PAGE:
Beginning with the 1999-2000 academic year, you MUST use the MPN for Direct Subsidized and Direct Unsubsidized Loans. An MPN will not be used for PLUS loans at this time.
The MPN document is more streamlined than the current promissory note. Major improvements include:
Moving all student certification and authorizations to the front of the form.
Removing all loan information certified by the school, including the loan types and amounts
approved. The Loan Origination Center (LOC) or the school (if the school chooses) will
provide this information to the student on a separate new form called the Disclosure Statement.
Simplifying print specifications.
The MPN process offers the following operational benefits for schools:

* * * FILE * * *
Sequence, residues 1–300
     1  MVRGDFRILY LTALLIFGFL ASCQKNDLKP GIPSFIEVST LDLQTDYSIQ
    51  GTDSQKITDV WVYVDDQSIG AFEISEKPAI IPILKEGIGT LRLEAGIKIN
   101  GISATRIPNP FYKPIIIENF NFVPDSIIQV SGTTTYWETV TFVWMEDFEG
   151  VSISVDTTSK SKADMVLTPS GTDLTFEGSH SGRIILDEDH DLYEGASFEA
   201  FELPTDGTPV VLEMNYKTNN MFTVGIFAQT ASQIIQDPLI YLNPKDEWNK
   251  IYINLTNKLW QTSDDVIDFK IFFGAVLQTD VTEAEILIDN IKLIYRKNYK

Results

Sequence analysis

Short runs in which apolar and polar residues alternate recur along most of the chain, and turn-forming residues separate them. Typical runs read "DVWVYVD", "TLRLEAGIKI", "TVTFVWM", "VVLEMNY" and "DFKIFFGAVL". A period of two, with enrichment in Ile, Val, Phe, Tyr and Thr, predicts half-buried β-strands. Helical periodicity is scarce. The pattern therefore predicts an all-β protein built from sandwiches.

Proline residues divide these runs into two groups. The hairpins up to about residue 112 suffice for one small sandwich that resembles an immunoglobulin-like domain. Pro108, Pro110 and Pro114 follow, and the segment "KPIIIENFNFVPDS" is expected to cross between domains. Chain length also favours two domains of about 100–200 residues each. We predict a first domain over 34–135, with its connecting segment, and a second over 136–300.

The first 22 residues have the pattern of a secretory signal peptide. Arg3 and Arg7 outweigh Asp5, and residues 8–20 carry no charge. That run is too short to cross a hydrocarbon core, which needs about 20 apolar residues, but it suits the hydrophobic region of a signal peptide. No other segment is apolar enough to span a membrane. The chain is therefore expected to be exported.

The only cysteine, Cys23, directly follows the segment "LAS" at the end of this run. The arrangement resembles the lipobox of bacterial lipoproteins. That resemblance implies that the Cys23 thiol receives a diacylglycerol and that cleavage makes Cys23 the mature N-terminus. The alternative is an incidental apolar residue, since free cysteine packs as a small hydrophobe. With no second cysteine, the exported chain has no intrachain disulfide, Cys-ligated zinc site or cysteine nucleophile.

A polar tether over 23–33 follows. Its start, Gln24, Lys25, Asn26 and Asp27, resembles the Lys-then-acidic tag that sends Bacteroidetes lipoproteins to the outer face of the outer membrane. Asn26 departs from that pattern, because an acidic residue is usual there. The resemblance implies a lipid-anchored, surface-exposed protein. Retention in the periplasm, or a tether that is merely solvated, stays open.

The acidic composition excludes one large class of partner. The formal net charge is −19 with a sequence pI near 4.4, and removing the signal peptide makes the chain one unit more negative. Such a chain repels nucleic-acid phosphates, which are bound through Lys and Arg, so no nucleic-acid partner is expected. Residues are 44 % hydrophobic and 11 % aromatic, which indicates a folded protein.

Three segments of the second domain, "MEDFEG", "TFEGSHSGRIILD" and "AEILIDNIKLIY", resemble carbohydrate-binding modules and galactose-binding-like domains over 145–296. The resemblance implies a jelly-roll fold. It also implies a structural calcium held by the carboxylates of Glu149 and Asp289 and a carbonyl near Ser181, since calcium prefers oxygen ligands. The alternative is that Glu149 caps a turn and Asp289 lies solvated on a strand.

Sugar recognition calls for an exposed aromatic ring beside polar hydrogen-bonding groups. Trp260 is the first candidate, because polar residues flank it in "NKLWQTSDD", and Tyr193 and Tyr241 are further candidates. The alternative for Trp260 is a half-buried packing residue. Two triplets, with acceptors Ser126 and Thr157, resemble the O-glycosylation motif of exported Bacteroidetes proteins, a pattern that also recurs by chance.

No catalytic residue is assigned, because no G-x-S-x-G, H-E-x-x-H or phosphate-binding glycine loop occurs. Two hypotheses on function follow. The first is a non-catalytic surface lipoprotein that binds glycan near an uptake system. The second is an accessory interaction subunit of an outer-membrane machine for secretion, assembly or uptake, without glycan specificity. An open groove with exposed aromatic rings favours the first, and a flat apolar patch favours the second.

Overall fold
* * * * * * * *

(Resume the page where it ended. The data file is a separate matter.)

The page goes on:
In many cases, you will be able to increase the amount of subsidized and unsubsidized loans without having the student sign an additional MPN, unless the student chose to limit the amount of the loans on the MPN. For example, you could increase the loans when a students eligibility increases due to a change in grade level, or because a student who did not originally choose to borrow up to the full amount approved by the school now chooses to do so.
In many cases, you will be able to change the loan distribution between subsidized and unsubsidized loans without obtaining an additional signed promissory note. This is helpful in cases where a students eligibility for a subsidized loan changes.
4. The 1999-2000 MPN Process for Schools that Print Promissory Notes
Although the MPN form is different from previous promissory notes, the actual Direct Loan process remains substantially the same. The following information is an overview of the Direct Loan process.
Loan Origination and Acknowledgement